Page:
Page last updated at 16:01 GMT, Sunday, 30 November 2008

Beached whales die in Australia


About 150 whales have died after being stranded in a remote coastal area of the Australian island of Tasmania.

Many of the long-finned pilot whales, which were discovered on Saturday, had been badly injured by jagged rocks.

Rescuers did manage to shepherd about 30 whales trapped in shallow reefs to safety using a small boat, an official said.

Whales pass Tasmania as they migrate to and from Antarctic waters and stranding is not uncommon.

Last week 11 whales were rescued after more than 60 became stranded off another part of the island.

Local residents and experts had worked to help this group of whales, stranded near Sandy Cape in north-west Tasmania, but most had been injured by rocks and reefs.

Whales stranded in Tasmania on 23 November 2008 (Image: Tasmanian Department of Primary Industry and Water)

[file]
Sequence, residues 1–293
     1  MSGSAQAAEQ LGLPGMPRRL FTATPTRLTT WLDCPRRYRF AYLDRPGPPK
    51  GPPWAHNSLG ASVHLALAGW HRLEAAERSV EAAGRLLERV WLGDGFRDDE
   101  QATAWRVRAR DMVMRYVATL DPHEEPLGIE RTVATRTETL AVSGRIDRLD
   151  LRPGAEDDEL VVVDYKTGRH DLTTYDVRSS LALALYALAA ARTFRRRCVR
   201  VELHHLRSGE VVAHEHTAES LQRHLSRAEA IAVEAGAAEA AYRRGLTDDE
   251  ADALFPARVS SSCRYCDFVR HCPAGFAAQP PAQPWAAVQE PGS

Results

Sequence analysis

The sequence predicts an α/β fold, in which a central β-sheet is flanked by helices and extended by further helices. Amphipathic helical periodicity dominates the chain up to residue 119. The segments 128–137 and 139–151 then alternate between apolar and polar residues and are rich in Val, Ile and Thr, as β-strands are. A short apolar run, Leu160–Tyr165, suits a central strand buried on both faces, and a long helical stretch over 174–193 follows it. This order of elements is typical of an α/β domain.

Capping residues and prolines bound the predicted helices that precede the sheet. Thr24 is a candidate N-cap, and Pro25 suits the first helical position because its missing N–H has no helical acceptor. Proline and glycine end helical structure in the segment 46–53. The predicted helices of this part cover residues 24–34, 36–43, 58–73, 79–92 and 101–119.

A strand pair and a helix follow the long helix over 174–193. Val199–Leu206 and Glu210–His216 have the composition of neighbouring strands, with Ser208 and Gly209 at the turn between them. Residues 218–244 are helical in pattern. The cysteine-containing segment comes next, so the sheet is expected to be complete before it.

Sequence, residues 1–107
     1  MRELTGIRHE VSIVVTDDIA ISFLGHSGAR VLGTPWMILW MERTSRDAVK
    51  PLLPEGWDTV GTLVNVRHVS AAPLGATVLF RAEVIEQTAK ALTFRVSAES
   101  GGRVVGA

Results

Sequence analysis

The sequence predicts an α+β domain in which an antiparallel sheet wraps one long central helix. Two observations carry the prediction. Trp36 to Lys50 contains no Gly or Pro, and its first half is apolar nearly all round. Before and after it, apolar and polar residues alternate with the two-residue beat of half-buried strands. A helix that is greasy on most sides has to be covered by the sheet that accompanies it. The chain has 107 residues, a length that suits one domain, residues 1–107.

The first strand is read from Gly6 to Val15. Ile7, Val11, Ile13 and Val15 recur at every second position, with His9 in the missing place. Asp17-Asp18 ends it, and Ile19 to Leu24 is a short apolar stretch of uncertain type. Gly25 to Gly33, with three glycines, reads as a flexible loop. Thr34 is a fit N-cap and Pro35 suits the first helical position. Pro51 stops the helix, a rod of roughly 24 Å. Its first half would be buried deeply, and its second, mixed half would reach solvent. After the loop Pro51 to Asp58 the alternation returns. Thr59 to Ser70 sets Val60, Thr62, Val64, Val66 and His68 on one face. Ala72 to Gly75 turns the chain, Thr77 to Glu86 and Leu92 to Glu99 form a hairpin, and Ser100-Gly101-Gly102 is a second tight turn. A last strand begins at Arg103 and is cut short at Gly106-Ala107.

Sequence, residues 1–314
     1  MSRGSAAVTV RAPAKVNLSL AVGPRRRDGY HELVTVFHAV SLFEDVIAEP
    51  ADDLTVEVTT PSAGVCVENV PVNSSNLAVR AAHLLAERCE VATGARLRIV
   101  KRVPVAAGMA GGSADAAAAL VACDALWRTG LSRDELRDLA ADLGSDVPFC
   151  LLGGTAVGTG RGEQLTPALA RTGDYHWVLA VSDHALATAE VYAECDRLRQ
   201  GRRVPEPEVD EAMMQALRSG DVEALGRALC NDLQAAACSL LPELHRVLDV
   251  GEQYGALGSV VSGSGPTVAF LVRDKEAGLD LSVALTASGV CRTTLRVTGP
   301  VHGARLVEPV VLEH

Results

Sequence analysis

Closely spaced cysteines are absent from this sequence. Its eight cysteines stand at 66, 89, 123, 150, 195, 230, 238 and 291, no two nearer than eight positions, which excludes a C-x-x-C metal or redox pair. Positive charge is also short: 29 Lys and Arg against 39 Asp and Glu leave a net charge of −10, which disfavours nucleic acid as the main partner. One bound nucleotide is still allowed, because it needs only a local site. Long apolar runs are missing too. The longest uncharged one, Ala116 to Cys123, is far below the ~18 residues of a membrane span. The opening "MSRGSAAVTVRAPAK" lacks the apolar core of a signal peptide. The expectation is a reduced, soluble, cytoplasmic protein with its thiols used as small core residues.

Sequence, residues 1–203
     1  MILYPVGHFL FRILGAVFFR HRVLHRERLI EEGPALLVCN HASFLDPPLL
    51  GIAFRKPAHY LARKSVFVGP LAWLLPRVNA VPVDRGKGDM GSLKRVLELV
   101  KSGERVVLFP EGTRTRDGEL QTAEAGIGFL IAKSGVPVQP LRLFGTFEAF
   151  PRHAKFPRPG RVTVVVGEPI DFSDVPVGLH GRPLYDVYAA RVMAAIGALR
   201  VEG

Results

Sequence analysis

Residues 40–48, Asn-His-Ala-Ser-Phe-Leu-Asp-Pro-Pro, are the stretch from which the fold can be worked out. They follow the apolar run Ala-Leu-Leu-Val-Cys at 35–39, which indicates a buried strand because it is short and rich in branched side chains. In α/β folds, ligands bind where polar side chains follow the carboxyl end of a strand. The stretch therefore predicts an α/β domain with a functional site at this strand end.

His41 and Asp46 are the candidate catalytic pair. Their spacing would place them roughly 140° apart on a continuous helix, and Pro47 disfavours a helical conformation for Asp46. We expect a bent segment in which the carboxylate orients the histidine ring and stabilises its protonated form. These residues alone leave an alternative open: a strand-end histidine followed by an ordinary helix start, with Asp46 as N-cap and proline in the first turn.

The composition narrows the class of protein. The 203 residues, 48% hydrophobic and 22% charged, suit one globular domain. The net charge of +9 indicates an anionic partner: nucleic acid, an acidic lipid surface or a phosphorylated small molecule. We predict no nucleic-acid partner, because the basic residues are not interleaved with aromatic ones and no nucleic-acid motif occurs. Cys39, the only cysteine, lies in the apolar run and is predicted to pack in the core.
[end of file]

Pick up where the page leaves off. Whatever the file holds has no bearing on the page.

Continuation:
Another group of whales beached in Tasmania last week

Officials moved one stranded whale that was calling to a group offshore, in a bid to prevent further deaths.

"Unfortunately, that whale died but what happened then was those 30 whales milling around seemed more willing to move on and with a boat in the water we managed to shepherd them out of the bay," Warwick Brennan, a spokesman for the department of primary industries and water, told AAP news agency.

Pilot whales are among the smaller whales, growing to about 5m (16ft) in length.

Scientists are not sure what causes whales to beach.

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